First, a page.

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Time is Money

Before we can compare costs associated with a UV-C room disinfection, it is imperative we understand the steps that must be taken in order to ensure the correct dosage of UV-C on all high-touch surfaces. While highly effective in the inactivation of harmful bacteria, UV-C disinfection has two significant limitations – SHADOW (Fig.1) and DISTANCE TO SURFACE 


(Fig.2). These limitations are governed by fundamental laws of physics. Therefore, it is critical to reposition all UV-C devices to compensate for these limitations. Failure to do so could result in a substandard level of disinfection, putting patients and employees at risk of infection from harmful bacteria. The simple rule of thumb is the more disinfection positions that are applied, the better the disinfection result.

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Fig. 1 - Light travels in a straight line, objects in a path of light will cast a shadow.
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Fig. 2 - The inverse square law governs light intensity. 

In the single patient room example below, a minimum of five positions (four in the patient room, one in the bathroom) would be required to perform a correct UV-C disinfection (Fig. 3). Less than five positions would not eliminate all SHADOW and DISTANCE TO SURFACE limitations (Fig. 4). Logically, as the room size increases so must the number of disinfection positions.

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Fig. 3 - A minimum of 5 positions ensuring optimal results.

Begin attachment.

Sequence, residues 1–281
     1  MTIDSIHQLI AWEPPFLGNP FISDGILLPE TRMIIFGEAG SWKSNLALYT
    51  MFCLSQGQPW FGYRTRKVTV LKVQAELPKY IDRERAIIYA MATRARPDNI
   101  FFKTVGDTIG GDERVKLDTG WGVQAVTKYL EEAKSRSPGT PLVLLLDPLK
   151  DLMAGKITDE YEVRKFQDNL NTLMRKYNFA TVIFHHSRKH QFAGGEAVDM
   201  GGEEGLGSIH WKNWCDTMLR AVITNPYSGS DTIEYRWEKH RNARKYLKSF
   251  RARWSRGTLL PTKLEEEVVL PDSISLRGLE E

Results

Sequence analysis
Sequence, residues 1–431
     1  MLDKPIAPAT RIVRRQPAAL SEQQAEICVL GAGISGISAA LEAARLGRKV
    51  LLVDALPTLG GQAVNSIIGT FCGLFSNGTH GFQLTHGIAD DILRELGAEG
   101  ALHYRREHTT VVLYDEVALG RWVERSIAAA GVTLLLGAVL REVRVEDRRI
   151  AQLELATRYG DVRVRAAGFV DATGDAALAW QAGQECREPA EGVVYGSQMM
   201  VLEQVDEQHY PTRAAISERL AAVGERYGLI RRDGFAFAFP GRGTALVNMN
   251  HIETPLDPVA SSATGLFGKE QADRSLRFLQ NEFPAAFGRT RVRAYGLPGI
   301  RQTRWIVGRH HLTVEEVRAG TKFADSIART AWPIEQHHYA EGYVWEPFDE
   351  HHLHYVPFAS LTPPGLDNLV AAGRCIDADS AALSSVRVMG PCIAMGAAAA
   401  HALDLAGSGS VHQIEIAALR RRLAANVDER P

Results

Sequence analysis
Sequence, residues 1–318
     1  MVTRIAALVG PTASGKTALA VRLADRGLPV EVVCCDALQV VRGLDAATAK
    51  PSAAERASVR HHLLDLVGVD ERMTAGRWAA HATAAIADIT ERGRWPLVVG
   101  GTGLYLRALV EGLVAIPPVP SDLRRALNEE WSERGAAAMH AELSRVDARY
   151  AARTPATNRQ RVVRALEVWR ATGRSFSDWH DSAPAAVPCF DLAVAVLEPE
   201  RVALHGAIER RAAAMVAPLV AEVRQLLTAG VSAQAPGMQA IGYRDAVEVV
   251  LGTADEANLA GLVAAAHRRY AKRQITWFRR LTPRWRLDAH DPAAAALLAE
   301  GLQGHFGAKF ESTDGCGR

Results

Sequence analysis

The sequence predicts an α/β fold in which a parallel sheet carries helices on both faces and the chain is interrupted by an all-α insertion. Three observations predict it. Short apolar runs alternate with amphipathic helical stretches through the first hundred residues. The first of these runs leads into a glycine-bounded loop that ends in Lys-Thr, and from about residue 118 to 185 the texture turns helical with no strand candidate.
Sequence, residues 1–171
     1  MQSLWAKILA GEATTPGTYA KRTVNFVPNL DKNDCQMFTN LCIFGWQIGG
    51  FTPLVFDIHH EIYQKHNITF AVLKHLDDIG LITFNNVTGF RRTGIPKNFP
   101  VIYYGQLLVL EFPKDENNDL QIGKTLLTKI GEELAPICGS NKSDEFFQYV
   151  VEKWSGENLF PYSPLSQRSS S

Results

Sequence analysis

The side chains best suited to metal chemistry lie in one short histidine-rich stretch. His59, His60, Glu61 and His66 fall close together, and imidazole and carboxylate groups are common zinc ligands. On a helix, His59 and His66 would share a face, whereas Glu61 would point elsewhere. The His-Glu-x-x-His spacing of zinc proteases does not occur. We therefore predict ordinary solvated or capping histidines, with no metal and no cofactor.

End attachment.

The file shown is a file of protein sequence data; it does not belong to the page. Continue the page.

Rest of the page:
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Fig. 4 - Insufficient positions will result in substandard disinfection

Disinfection With UV-C Light - The Labor Workflow Comparison

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*Although radiating from a distance of 1 meter for 5 minutes is sufficiently long enough to inactivate most organisms, radiating from a distance of 2 meters reduces intensity to only 25%.


Unlike the UVD Robot, manual UV-C devices are switched off during repositioning and therefore, they are not disinfecting. With only 4 positions in the patient room there will be surfaces that are 2 meters away.


The accumulated UV-C energy at 2 meters distance for 5 minutes is identical to the accumulated UV-C energy at 1 meter distance for only 1 minute and 15 seconds. Therefore, a minimum radiation time of 10 minutes from each position to compensate for distance limitations (the inverse square law) is recommended.

According to the U.S. Bureau of Labor Statistics, janitors and building cleaners earn a median pay of $13.19 per hour, or $27,430 per year. This equates to a weekly rate of $494.63 based on a 37.5 hour work week.  At $13.19 per hour, this further breaks down to a $0.22 rate per minute.


As we know the labor per minute cost and the number of labor minutes required for a correct UV-C room disinfection, we can expand our comparison chart even further.

You will want to put your UV-C device to work as often as possible as infections will not be prevented by devices held in storage. With that in mind, let’s looks at the total labor costs involved with 10 room disinfections per day, 365 days per year, for 5 years.


In March 2019, a leading NHS hospital performed something never seen before in Infection Control – The full disinfection of a 21,527 Square foot outpatient Oncology department in a staggering 90 minutes. Even more impressive was the fact that this disinfection required minimal labor.

In comparison, two weeks previous, the very same disinfection was performed with a manual UV-C device. This took 20 hours of labor to complete. The disinfection plan created by the UVD Robot  (see above) was based on the manual plan with the exception that, the UVD Robot was also disinfecting while atonomously repositioning itself.

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